Differences – Cultural and Generational (what assumptions are you making)

After the hustle and bustle of Florence, the quiet img_7534-smof Monte San Savino was a little unnerving. It is a beautiful small town with a courtyard in the middle with a few small shops and a few locals milling around. The church, with its open door, was calling out to us. I noticed a few people at the front who appeared to be praying – not unusual in the churches we had visited. I walked to an aisle and proceeded to sit down – until my husband noticed something we hadn’t seen yet. The people were surrounding a large basket (the size and shape of a casket) and a picture of an older woman. We had walked into the middle of an Italian wake! We tried to leave as discretely as possible, but I’m afraid we did manage to interrupt the proceedings a little bit.

There’s something about traveling in a foreign country that always leaves me a little off-balance – and very much aware of how different cultures see things very differently. Personal space in lines is very different in Italy than in the USA. For instance, in the USA it is very typical to leave some space in line between you and the person in front of you. In Italy, if you leave any room at all it’s an invitation for someone else to fill that space (the assumption being that you’ve decided to not go that way).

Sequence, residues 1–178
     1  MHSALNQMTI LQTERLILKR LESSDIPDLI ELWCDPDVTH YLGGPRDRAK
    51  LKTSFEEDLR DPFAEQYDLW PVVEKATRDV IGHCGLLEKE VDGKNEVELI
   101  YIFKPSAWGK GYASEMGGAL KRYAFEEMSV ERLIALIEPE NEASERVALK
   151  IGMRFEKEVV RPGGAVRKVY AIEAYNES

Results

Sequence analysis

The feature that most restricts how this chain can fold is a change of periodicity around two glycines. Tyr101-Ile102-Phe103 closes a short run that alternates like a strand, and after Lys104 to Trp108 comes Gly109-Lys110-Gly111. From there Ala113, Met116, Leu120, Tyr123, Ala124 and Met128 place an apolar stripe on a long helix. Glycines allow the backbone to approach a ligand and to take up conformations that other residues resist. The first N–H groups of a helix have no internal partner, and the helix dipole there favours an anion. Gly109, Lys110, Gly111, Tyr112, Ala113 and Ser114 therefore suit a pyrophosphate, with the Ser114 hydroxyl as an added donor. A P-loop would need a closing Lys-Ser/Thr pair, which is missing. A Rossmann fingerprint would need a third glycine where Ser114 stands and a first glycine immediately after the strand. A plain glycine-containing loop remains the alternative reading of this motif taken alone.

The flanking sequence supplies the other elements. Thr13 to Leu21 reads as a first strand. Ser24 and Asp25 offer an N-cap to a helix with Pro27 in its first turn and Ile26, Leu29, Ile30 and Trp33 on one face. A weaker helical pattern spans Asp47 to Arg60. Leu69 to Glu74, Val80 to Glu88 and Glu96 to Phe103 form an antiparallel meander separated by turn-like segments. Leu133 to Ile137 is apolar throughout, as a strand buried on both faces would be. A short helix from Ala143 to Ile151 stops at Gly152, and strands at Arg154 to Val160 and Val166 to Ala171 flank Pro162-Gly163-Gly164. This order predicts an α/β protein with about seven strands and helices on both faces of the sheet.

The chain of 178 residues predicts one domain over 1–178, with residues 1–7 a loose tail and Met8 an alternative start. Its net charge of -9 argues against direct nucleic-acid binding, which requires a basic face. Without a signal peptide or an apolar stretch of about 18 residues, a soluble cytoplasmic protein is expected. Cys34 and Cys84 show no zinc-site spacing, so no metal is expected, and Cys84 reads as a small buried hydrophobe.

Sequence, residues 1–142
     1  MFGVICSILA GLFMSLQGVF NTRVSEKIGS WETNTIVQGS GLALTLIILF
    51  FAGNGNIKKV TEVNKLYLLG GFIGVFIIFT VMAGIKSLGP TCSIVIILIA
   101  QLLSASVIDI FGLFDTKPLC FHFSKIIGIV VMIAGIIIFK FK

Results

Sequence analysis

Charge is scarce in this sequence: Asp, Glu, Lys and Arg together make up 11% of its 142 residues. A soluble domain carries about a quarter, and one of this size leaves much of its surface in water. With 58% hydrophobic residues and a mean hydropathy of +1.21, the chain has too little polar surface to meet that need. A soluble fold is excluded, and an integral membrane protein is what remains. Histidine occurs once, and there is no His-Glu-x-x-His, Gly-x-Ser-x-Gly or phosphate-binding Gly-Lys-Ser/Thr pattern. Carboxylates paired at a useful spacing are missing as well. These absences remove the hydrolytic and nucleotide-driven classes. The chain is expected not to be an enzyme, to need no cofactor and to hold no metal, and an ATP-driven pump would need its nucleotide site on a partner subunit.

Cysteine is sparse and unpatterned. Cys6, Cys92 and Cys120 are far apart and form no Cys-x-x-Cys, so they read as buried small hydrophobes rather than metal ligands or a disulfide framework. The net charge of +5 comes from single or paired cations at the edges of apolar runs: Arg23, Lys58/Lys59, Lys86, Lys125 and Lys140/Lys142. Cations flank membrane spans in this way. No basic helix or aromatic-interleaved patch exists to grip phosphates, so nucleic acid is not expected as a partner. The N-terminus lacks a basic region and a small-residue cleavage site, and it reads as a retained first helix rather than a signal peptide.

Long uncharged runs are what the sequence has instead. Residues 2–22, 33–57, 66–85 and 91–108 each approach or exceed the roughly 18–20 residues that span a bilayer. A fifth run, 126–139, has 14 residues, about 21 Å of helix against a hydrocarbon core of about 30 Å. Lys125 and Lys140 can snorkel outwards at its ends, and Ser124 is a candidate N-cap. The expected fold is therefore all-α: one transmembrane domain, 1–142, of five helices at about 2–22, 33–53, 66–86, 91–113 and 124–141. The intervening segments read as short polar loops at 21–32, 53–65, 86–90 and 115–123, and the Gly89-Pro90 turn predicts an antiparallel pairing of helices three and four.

There are less obvious differences within the USA. I’ve heard that there are women in the boomer generation who are offended that Gen X women have never thanked them for paving the way. As a Gen Xer myself, showing that gratitude is not something that had ever crossed my mind – my assumption being that tearing down the glass ceiling was something that they had chosen to do for themselves. Now I’m trying to ask more questions and find out more, rather than assuming I know how and why people think the way they do.

In your work in your organization, what assumptions are you making about people? About your donors? Your volunteers? Your board members? Even your staff?

As you develop materials to share with others, rather than writing based on assumptions, perhaps you can start thinking about questions you can ask to find out if those assumptions are true – or not. Making adjustments to your written materials – and how you interact with others – will be of benefit your organization.

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